Author Topic: Don't Quote Me On That  (Read 613 times)


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Don't Quote Me On That
« on: October 29, 2017, 07:27:11 PM »
In Paul Morley's 'Words And Music', a book with a quote on the cover from Brian Eno saying, "Paul Morley is the greatest thinker/writer/social critic/tv presenter since Plato/Keynes/Duchamp/Betjeman*" ("*delete where not applicable"), Morley reveals that Eno was happy to give him a quote for the cover of the book on the understanding that he wouldn't actually have to read it.

I've been wondering if this is the same method that Stephen King and, more recently, Stephen Fry, use, as they both seem to have quotes on the cover of a hell of a lot of books. King in particular - I can't believe he has enough to time to read as many books as he seems to and write two or three novels a year. Zadie Smith seems to have a habit of providing slightly annoying 'quirky' quotes for books (one of them read "I wish I'd written it meself", with 'myself' spelt like that, presumably in a failed attempt to sound more down to earth.)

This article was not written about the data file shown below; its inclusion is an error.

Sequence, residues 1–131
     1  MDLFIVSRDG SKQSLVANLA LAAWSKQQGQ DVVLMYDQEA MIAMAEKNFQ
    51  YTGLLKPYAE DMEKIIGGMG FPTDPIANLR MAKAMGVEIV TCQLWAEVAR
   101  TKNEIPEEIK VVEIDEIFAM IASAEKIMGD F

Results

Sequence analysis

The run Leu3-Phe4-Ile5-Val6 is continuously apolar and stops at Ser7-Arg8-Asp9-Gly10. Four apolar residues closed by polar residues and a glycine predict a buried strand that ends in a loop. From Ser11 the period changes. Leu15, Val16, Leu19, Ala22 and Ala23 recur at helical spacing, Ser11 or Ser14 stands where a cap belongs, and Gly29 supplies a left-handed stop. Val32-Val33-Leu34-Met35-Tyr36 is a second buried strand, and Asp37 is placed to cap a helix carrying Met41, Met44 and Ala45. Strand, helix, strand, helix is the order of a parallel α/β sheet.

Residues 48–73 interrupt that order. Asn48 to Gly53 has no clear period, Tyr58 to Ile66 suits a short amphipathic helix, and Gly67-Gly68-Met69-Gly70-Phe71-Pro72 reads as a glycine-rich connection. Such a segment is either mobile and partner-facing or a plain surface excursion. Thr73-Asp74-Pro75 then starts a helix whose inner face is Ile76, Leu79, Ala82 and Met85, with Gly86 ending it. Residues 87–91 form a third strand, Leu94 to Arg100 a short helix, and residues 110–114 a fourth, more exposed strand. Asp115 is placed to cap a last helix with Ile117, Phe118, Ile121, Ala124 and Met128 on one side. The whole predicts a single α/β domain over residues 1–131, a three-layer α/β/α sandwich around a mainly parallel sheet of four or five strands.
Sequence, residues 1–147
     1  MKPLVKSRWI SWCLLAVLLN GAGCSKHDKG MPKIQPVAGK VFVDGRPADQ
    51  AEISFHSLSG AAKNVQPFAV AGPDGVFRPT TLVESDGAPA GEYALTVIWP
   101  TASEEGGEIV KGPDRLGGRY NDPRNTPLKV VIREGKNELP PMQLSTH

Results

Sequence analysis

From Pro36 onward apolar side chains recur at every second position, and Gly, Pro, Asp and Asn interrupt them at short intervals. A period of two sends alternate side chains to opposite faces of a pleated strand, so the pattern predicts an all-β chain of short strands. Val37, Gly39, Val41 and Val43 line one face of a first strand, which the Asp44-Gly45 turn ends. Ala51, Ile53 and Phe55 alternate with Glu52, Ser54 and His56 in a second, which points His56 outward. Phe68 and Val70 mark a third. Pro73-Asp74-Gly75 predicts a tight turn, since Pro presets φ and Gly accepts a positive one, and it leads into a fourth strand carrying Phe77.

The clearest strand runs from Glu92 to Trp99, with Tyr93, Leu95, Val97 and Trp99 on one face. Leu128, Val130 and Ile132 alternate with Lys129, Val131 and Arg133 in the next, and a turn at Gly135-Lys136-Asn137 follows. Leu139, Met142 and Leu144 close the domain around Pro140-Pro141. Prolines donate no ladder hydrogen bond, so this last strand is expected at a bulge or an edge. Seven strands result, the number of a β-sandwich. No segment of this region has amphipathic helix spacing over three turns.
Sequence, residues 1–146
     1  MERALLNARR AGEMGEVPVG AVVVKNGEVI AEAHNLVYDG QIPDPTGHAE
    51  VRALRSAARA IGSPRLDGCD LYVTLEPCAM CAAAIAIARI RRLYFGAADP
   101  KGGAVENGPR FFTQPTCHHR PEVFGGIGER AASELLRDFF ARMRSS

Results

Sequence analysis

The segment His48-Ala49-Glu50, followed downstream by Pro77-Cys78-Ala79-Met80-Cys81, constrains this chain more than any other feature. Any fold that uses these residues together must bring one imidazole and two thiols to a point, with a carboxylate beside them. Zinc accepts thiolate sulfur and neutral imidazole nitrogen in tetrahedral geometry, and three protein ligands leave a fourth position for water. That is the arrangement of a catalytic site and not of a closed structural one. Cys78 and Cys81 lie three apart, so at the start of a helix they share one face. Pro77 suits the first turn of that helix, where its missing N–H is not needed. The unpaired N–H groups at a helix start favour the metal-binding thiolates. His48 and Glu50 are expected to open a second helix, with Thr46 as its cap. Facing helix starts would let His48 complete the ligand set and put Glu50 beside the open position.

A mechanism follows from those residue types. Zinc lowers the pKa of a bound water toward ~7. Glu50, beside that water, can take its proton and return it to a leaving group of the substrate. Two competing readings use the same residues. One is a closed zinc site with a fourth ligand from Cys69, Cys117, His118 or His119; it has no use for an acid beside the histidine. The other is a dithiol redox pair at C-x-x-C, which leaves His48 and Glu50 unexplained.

I'm not sure there's anyone that I don't actually know whose opinion I'd value so highly that a quote from them would make me rush out and read a book, and even the more faceless ones attributed to certain newspapers rather than specific writers aren't going to make up my mind any more than a read of the blurb or the first page (in the case of a novel by an author I don't already know) will. And while we're on the subject, why do publishers think that filling the first four pages of books with quote after quote is a good idea? In the case of Ragnar Jonasson's novels, they go on for eight pages, for some reason.

Has anybody ever been swayed by a quote? Or are there any memorable ones?